Although the word 'freight' can have several different meanings, where it comes from, or what language experts would call its entymology, is fairly straightforward.
Freight can mean the actual goods transported by train, lorry, aeroplane or ship or, more generally, the transport of bulk goods by these methods. The word can also be used to mean the final cost or bill of the transportation of such goods. A lesser used meaning is for something to be 'freighted' with meaning, in that something is meaning heavily implied by what is said, but this meaning of the word 'freight' is falling into disuse.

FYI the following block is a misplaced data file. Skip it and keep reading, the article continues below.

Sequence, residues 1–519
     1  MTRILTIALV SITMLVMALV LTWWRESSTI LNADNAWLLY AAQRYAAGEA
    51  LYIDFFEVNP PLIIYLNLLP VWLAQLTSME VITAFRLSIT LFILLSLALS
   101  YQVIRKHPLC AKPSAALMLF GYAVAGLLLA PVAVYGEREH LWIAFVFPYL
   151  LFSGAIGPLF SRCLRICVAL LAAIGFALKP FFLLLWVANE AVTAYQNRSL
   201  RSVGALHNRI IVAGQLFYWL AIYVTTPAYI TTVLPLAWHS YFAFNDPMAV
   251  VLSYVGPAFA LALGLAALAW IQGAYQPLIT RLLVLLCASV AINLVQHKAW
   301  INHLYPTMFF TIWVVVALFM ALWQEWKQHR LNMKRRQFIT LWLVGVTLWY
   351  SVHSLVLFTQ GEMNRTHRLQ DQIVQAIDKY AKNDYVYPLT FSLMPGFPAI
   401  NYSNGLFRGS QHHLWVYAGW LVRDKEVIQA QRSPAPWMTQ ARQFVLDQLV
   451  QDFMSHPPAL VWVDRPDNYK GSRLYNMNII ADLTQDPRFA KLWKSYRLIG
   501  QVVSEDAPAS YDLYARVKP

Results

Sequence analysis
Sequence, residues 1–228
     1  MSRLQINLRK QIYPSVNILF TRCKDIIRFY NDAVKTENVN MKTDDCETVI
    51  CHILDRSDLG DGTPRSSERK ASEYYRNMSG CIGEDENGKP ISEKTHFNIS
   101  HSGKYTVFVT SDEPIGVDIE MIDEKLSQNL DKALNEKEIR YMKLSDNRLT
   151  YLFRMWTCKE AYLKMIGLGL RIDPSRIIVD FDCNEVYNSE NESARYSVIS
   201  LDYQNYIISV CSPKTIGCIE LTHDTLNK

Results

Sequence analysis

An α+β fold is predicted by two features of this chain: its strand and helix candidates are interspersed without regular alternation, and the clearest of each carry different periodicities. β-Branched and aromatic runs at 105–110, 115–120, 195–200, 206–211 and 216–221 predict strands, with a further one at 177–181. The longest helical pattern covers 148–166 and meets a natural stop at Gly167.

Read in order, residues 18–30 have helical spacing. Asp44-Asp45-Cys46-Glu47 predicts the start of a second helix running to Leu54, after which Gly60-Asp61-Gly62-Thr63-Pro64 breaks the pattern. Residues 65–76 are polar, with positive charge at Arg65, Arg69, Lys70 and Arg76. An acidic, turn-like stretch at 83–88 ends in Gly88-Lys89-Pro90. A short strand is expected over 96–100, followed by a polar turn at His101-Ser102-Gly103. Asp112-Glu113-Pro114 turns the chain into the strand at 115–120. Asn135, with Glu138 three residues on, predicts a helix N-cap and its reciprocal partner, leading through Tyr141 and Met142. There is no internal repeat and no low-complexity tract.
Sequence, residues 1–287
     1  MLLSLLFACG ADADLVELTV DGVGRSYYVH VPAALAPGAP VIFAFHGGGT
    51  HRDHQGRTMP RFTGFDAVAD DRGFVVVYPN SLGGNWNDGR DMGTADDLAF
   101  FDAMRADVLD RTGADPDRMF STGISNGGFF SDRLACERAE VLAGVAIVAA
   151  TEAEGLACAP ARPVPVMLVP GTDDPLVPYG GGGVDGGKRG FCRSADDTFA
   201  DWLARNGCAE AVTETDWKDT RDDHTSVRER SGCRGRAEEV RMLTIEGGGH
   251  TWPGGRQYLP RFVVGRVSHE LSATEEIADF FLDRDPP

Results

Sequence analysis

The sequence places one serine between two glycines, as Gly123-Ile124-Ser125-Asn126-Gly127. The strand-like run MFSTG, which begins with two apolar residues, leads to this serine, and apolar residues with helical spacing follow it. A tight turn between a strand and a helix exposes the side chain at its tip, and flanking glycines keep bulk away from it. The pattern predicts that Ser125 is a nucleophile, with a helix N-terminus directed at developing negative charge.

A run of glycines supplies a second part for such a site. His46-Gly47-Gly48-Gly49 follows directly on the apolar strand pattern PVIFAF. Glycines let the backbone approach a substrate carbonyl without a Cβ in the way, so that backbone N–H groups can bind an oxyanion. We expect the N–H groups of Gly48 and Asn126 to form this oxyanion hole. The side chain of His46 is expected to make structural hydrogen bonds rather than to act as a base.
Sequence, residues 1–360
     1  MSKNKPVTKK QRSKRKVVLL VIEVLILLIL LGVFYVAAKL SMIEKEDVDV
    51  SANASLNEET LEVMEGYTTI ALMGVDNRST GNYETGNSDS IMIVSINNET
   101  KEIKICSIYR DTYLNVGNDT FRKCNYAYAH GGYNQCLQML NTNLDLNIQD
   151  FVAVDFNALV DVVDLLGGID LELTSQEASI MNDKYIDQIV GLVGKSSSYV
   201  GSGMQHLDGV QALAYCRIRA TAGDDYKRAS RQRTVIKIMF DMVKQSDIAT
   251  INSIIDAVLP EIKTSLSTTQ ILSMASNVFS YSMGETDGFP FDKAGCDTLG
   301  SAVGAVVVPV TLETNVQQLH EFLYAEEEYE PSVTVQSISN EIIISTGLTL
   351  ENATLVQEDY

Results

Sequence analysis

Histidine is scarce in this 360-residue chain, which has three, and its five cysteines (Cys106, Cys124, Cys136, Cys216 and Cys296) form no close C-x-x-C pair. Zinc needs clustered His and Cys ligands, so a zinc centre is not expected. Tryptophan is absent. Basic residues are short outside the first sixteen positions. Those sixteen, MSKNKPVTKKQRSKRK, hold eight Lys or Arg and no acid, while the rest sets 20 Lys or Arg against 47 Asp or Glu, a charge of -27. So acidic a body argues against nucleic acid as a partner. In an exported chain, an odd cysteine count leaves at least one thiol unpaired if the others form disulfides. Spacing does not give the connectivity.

Where the Meaning of 'Freight' is Derived From
The word is believed to have originated in late Middle English (an era roughly spanning the three centuries between the late 12th and the late 15th century), and meant 'hire of a ship for transporting goods.' The English word came about from the contemporary German/Dutch word vrecht, or vracht which meant 'ship's cargo.' This is similar to the origins of the word 'fraught,' as transporting large cargoes vast distances across the sea in those times was a hazardous business - transporting freight was fraught with danger! To learn more about the origins of the English language, watch this interesting BBC documentary: